SARASOTA (WWSB) - Few things are as frustrating as a car crash, especially when the damages take away your main mode of transportation for a period of time. It can be confusing which party involved pays for what part -and whose- repairs. On Suncoast View's segment "Injuries are Personal", Attorney Carl Reynolds law, has advice to help us get back on the road as quickly and economically as possible after an accident.
Once the dust has settled and we are sure everyone is ok, we just want to get our vehicle repaired. How is it determined whose insurance pays for what?
Carl Reynolds says, "The at-fault party is responsible for damage done to your vehicle. If you are at-fault, or deemed to have a percentage of fault, you are responsible for paying for your portion of fault.
if you are not at fault for the crash, you can go through the at-fault driver's insurance company to pay for your property damage or, if you have collision, you can go through your own insurance company and then your insurance company will seek subrogation, or repayment, from the at-fault driver's insurance company for the amount of the repairs, as well as your deductible. Often-times, since you are the customer of your insurance company, it is more efficient and less frustrating to use your collision coverage for your property damage claim. Put simply—property damage pays for others; collision damage pays for yours."
Who pays for the rental car while my vehicle is getting fixed?
Attorney Reynolds continues, "Under current Florida law, you are not entitled to a rental car. If you selected rental car insurance through your own automobile policy; then, you do have a legal right to a rental car according to the terms of insurance that you purchased. Instead, Florida law requires compensation for each day you are without the use of your vehicle, called loss of use."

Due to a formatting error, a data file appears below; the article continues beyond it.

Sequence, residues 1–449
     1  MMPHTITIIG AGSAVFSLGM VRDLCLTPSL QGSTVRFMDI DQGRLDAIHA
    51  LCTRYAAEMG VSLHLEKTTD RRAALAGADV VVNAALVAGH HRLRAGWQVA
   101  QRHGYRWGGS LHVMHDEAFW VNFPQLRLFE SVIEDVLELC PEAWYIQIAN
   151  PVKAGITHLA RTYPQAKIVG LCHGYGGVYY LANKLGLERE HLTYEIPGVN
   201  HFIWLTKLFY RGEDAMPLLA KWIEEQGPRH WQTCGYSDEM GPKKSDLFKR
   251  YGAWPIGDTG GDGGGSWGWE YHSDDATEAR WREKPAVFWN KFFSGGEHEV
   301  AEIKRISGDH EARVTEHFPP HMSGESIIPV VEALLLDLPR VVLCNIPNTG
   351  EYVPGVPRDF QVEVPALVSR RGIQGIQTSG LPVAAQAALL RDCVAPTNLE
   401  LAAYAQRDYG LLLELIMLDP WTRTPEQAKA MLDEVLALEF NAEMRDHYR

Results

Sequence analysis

Sometimes we're told a vehicle can't be fixed, the term often thrown around is totaled, what does that mean and who determines that?
Carl Reynolds says, "The insurance adjusters will inspect your vehicle to determine the amount of the damages. Under Florida law, if the costs to repair your vehicle exceed 80% of the fair market value of your vehicle, your vehicle is deemed a total loss. The insurance company would then be responsible for paying the fair market value of your vehicle at the time of the crash. "
And he says your claim for “property damage” includes not only damages to your vehicle, but, also, the contents of your vehicle. The principle in place is that the at-fault driver. often through his insurance company) is responsible to make you whole or put you back in the place you would have been had a car crash never happened."
For more information about any of your legal questions visit injuriesarepersonal.com
This segment has been paid for by Carl Reynolds Law and does not reflect the opinions, beliefs, findings, or experiences of WWSB, LLC or its employees.